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  • The current NHS system cannot cope with this demand and this will be the ideal opportunity for private screening companies to come in and offer these tests to all and sundry. Privatisation of services which will have to be open to tender, removal of these pesky, difficult GPs who get in the way of patients having all these lovely tests and collapse of the NHS hospitals who will have to actually manage and further investigate these patients who may be falsely negative plus as an added bonus the failure of all CCGs budgets paying for all these excessive tests and investigations. Sounds like a brilliant strategy to make the entire NHS system fail to me....

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  • Fechiniijits

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  • Very good if it helps speed cancer diagnosis but it is yet another tier and might just be another sticking plaster on a flawed system. It will also require additional funding to prevent delays and withdrawal of other services? However at present patients often fall in between the precise referral criteria yet GP clinical judgment dictates that cancer needs to be urgently excluded. These patients still frequently turn out to have cancer but often face severe difficulties and delays negotiating the system especially in areas that have referral (mis)management. The GP will still need to be involved and somehow get them investigated and fight against their urgent cancer referrals that are bounced back by referral management and secondary care.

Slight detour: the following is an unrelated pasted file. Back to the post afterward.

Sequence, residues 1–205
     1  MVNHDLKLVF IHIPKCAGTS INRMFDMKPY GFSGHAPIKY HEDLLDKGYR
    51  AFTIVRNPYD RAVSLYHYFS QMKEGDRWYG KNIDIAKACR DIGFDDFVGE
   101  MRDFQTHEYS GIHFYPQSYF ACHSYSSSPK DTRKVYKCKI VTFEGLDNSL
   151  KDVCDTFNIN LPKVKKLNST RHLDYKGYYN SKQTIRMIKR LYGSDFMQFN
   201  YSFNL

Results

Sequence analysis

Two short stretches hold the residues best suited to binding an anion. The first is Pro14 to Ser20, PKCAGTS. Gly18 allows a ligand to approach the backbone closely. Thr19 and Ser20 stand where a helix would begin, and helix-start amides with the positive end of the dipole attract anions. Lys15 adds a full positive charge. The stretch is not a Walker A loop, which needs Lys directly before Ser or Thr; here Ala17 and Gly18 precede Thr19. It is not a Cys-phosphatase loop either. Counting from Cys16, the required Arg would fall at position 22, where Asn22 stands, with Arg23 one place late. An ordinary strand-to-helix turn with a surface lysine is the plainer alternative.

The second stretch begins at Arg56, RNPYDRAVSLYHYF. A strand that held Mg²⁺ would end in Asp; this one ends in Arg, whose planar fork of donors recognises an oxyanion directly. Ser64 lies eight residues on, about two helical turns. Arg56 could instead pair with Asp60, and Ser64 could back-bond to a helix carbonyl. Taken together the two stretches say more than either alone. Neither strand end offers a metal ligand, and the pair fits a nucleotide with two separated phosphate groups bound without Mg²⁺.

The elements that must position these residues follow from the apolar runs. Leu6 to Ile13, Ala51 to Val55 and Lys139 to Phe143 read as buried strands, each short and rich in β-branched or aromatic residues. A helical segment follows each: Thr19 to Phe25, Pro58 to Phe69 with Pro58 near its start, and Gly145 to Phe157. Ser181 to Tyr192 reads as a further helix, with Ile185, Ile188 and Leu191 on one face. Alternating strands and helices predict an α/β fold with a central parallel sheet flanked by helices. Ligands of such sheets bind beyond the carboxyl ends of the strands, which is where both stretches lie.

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  • It's not as if every patient with a headache thinks they have a brain tumour or those with a cough think they have lung cancer or anyone with a rash or an itch thinks they have skin cancer. I'm sure the system will cope!!!!!

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  • Well at least it may permit some of our consultant colleagues to move their personal thinking on from:-
    "stupid GP's refer too many people who don't have cancer"
    to
    " there are a large number of people very worried and presenting symptoms suggestive of, but who do not have cancer."
    The only absolute in my book is that the direct access service must manage the repeated attendances for rechecking and not deflect them onto the GP, given the published body of evidence that
    "reassurance investigation"
    increases frequency of future presentation.